Filters and Valves Get Stronger, Smarter

April 2, 2002

6 Min Read
Filters and Valves Get Stronger, Smarter

Originally Published MPMN April 2002


Filters and Valves Get Stronger, Smarter

Suppliers focus on making components more durable and user-friendly

Zachary Turke

Regardless of the application, filter and IV components share many of the same requirements. Used in the often-hectic environment of healthcare facilities, both types of products must be simple to operate, posing no risk to either patient or physician. They must be durable enough to withstand extended use and exposure to a wide variety of fluids. Biocompatibility, processibility, and sterilizability are just a few of the other shared concerns.This article discusses recent advances in filter and IV components that help meet these challenges.

Valve eases guidewire placement

This one-handed hemostasis valve from Qosina simplifies the task of guidewire placement.

A hemostasis valve offered by Qosina that can be operated using one hand may not "help surgeons grow a third hand," quips product manager Jim Pimpinella, "but its unique design achieves the same effect by simplifying the task of guidewire placement." The device has a thumb-activated handle instead of the standard twisting cap; it rests in the palm of one hand, and allows wire placement with the other. When the desired position is achieved, the user simply flips the valve handle to lock the wire in place without releasing the valve body.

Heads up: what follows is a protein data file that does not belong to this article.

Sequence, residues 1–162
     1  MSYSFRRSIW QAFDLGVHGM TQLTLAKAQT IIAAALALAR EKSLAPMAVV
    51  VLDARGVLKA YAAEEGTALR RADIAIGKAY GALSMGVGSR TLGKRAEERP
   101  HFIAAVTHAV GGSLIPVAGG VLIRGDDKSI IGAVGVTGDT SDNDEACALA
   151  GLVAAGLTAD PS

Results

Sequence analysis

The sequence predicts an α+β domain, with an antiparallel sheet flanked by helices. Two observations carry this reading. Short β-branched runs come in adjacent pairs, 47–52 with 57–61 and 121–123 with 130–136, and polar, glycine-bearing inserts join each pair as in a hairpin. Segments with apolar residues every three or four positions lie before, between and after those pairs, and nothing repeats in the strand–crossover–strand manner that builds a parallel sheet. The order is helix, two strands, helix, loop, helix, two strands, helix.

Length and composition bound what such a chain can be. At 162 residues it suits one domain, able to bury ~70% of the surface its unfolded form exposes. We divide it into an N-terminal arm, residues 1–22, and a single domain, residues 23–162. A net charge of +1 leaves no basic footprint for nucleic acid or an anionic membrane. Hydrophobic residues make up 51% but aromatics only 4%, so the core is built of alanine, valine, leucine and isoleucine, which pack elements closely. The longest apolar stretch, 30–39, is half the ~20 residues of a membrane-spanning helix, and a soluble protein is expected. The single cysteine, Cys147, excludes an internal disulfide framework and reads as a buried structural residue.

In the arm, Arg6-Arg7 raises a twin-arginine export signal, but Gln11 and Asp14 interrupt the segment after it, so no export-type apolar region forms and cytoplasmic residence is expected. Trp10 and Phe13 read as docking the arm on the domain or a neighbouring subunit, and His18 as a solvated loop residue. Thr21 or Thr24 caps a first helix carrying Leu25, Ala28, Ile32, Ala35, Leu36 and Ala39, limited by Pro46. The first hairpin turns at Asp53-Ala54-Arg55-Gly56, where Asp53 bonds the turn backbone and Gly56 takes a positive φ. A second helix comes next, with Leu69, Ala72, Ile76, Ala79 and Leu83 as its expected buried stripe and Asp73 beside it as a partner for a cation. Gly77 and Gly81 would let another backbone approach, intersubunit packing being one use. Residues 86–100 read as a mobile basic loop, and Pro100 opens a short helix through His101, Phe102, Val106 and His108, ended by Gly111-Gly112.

Suited for angioplasty and catheterization applications, the one-handed valve features a clear polycarbonate body to allow visual identification of bubbles. A nylon handle, silicone gasket, and rotating male luer lock with a silicone O-ring are cited as additional construction benefits. With a large inner diameter, the valve accommodates devices up to 8 french and closes completely when activated.

The Ultrasite valve from B. Braun Medical is designed to be accessed by standard male luers, reducing the risk of accidental needlesticks.

While it doesn't promise surgeons the benefits of an extra hand, a needle-free capless valve from B. Braun Medical does help to ensure that the two hands they do have remain free from accidental needlesticks. Meeting guidelines set forth under the Needlestick Safety and Prevention Act, the Ultrasite valve features a redesigned housing that allows access by syringe or IV tubing without the need for additional components. "Furthermore, the safety features on the bidirectional valve can't by bypassed," says marketing associate Wendy Achey.